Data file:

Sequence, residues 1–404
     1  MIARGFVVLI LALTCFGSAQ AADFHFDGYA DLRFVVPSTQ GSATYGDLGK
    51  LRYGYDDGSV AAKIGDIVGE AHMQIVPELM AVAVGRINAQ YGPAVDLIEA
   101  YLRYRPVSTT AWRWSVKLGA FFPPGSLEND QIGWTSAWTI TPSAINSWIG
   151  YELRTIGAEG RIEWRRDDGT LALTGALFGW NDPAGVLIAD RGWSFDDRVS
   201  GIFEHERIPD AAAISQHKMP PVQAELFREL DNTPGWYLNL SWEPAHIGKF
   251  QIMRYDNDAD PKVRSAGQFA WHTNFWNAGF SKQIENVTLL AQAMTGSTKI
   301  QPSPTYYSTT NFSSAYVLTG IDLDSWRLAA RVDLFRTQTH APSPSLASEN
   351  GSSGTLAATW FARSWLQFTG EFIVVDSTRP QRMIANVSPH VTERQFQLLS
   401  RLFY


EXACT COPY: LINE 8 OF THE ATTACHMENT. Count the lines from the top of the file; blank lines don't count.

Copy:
   301  QPSPTYYSTT NFSSAYVLTG IDLDSWRLAA RVDLFRTQTH APSPSLASEN